Unformatted text preview: Chapter 13 Delivering Your Speech
Professor Krueger Is Delivery More Important Than Content? Aristotle believed that a battle should be fought on facts of cases alone Cicero, a great orator, believed that one with great delivery skills will overcome anyone, no matter what the mental capacity Today, communication leaders believe that both content and delivery contribute to speaking effectiveness. The Power of Speech Delivery Your nonverbal factors such as your eye contact, posture, vocal quality, and facial expression play a major role in the communication process. As much as 65% of the social meaning of messages is based on nonverbal expression. An audience believes what it sees more than what you say. Listeners Expect Effective Delivery Nonverbal Expectancy Theory states that people have certain expectations as to how you should communicate. If you don't' behave as people think your should, your listeners will feel that you have violated their expectations. Therefore , if you have a poor delivery, you will lose credibility. Audiences expect a good speech to be well delivered. Listeners Make Emotional Connections Through Delivery Emotional Contagion Theory people tend to "catch" the emotions of others. If you want your listeners to feel a certain emotion, then it's important for you to express that emotion yourself. Methods of Delivery Manuscript Speaking examples include press statements, Presidential addresses Memorized Speaking may be used at some unique times such as when you accept an award; however, should try to be avoided and manuscript speaking used instead. Can seem very stiff. Impromptu Speaking examples include responding to a question from a teacher, when debating, when answering a question during an interview. Impromptu Speeches "Good impromptu speech takes about three weeks to prepare." Mark Twain The Reverend Jesse Jackson was able to effectively use principles and skills to enhance his speeches and make him one the best contemporary impromptu speakers. The Communication Teachers' Preference Extemporaneous Speaking speaking from a written or memorized speech outline without having memorized the exact wording of the speech You rehearse this kind of speech so that you know the key ideas and organization. Want to give your audience the idea that the speech is being created as they listen to it. How to master the extemporaneous delivery style Early rehearsal when first rehearsing, use as many notes as you need to help your remember your ideas. Each time you go through your speech, rely on less notes. Later rehearsal if you find yourself starting to use the same words each time your rehearse, then stop rehearsing or consider other ways of expressing your ideas Final rehearsal revise your speaking notes so that you need only brief notes or only notes for lengthy quotations Characteristics of Effective Delivery Eye Contact there have been studies that show the relationship between speaker eye contact and credibility. Speakers with less than 50 percent eye contact unfriendly, inexperienced, uniformed and non honest. Gestures help emphasize or reinforce your verbal message. Movement movement should be consistent with the verbal content of your message. It should make sense and not seem like aimless waundering. Characteristics continued... Posture studies have shown that the way you carry your body reflects your credibility as a speaker. Facial Expression your facial expression should naturally vary to be consistent with your message. Vocal Delivery includes pitch, speed rate, pauses, volume, pronunciation, articulation and general variation of voice. Good Appearance if you violate the audience's expectations about appearance, you will be less successful in achieving your purpose. Audience Diversity and Delivery Avoid an ethnocentric mind set Consider using less dramatic for predominately highcontext listeners Consult with others speakers who have presented to your audience Monitor your level of immediacy with your audience Monitor your expression of emotion Know the code Rehearsing Final Tips Finish drafting your speech outline at least two days before your speech performance Before you prepare the speaking notes to use in front of your audience, rehearse your speech Time your speech Prepare some speaking notes Rehearse your speech standing up If you can, present your speech to another person so that you can practice establishing eye contact Rehearse using all of your presentation aids Practice good delivery skills while rehearsing ...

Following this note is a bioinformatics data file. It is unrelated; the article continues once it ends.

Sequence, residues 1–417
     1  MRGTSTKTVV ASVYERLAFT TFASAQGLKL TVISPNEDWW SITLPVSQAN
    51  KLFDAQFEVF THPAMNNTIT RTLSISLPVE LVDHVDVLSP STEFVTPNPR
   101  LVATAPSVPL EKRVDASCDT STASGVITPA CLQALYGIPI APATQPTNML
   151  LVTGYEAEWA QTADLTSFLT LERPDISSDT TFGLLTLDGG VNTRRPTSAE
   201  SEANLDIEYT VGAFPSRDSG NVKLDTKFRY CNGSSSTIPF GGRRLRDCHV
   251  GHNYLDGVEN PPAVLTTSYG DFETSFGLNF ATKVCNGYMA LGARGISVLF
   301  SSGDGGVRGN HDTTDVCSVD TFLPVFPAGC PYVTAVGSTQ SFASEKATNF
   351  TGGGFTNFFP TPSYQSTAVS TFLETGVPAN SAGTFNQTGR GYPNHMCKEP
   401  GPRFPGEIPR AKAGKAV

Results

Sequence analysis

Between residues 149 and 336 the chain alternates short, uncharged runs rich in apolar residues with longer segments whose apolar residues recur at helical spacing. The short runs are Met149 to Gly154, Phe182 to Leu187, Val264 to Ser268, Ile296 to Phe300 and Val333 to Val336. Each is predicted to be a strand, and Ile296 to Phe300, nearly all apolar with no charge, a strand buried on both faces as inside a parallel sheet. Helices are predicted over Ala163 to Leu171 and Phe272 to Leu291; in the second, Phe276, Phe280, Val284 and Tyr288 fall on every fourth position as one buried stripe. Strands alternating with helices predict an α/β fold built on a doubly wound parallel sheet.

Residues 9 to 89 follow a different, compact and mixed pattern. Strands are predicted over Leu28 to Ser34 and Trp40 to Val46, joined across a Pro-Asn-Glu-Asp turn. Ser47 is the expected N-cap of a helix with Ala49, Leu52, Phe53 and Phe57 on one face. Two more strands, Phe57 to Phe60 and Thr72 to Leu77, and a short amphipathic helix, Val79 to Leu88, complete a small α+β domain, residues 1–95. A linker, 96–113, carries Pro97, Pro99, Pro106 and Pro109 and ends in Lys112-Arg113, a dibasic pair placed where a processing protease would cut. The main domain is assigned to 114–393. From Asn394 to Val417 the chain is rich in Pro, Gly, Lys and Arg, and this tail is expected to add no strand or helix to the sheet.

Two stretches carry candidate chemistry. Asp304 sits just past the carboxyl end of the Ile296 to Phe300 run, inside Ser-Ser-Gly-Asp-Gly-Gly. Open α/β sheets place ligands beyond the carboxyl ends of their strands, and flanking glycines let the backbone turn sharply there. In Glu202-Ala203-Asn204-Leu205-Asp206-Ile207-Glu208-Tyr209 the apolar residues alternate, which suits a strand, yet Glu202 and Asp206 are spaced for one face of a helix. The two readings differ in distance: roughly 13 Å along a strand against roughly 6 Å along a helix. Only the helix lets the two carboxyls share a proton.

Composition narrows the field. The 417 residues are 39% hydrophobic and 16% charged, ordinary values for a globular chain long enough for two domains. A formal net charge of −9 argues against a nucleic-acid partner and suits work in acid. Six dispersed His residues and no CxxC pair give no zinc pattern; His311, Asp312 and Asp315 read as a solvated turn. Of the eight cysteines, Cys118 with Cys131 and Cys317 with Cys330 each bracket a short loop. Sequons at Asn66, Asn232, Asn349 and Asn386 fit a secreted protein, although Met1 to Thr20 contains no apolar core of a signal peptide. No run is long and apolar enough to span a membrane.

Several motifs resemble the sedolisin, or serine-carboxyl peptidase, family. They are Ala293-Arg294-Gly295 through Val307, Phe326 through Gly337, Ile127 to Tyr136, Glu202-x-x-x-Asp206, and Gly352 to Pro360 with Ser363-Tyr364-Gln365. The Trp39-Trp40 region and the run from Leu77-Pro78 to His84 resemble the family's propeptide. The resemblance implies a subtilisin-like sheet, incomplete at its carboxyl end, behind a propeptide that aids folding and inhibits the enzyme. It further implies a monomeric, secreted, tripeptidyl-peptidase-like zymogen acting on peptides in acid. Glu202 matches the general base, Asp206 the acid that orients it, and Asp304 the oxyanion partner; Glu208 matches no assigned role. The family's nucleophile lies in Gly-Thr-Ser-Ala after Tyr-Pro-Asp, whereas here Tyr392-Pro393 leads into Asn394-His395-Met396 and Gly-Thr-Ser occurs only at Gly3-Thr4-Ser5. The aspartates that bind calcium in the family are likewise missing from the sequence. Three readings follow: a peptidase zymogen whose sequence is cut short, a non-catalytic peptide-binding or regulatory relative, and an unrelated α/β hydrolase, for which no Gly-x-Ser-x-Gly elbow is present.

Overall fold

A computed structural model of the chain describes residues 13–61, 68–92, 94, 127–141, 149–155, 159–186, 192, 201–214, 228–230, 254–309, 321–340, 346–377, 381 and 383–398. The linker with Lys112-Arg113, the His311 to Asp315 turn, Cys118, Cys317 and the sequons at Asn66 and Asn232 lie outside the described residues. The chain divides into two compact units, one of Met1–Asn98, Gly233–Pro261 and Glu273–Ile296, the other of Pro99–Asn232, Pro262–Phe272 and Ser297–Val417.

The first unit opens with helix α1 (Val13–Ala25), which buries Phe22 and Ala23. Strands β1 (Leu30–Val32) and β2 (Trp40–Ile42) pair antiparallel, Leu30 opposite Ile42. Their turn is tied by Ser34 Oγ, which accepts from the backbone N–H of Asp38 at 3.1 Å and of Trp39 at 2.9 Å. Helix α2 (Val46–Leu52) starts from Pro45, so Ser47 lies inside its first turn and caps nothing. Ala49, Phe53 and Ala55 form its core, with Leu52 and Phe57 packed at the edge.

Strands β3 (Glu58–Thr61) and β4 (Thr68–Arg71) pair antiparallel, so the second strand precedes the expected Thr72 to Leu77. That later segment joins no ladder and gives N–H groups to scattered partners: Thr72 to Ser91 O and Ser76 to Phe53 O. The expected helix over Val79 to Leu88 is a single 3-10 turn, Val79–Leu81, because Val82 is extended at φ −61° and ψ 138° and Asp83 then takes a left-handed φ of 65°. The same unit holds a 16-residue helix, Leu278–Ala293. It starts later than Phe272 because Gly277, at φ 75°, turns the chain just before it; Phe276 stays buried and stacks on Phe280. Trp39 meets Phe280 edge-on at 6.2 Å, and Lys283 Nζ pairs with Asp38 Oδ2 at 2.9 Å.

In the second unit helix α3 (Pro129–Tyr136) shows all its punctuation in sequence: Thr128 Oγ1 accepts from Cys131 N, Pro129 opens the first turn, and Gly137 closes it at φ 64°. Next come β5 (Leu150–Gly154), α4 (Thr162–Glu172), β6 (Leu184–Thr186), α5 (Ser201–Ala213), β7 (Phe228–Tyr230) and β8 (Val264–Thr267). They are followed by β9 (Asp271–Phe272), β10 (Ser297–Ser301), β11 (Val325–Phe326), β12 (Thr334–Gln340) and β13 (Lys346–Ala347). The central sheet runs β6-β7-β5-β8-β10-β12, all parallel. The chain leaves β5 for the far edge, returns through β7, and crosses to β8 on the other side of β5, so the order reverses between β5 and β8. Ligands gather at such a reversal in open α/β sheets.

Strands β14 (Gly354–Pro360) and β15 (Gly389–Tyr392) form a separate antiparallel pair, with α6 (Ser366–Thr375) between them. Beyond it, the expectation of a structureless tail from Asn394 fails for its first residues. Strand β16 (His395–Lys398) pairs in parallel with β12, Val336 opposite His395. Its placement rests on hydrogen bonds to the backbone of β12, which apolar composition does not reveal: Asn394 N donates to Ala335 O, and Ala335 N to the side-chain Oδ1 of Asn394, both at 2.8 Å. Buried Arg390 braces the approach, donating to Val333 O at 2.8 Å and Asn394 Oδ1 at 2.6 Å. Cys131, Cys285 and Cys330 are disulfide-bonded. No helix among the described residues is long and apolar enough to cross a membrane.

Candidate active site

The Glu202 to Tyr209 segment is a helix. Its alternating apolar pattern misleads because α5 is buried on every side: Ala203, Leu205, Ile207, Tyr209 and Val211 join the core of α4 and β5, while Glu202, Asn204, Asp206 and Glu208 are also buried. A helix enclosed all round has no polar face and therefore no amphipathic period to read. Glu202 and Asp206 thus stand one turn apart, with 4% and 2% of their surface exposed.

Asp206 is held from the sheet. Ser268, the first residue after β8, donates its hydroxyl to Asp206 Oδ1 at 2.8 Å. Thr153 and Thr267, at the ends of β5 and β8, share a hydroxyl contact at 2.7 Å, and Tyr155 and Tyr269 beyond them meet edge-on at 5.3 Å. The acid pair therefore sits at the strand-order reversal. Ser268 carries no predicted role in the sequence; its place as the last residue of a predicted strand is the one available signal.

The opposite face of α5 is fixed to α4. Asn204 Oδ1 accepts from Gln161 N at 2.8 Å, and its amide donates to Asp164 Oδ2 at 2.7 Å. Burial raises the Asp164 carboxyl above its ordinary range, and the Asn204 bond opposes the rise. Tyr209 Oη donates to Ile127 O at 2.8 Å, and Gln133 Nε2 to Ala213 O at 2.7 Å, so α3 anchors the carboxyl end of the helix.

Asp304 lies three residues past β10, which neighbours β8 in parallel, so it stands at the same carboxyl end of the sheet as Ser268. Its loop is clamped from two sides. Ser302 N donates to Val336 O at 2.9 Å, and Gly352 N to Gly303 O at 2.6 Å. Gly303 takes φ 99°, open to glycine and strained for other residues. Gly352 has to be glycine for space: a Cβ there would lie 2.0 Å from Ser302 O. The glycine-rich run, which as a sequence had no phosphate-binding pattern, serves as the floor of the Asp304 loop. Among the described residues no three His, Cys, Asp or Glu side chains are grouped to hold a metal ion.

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This note was uploaded on 02/14/2011 for the course COMM 100 taught by Professor H during the Fall '08 term at George Mason.
- Fall '08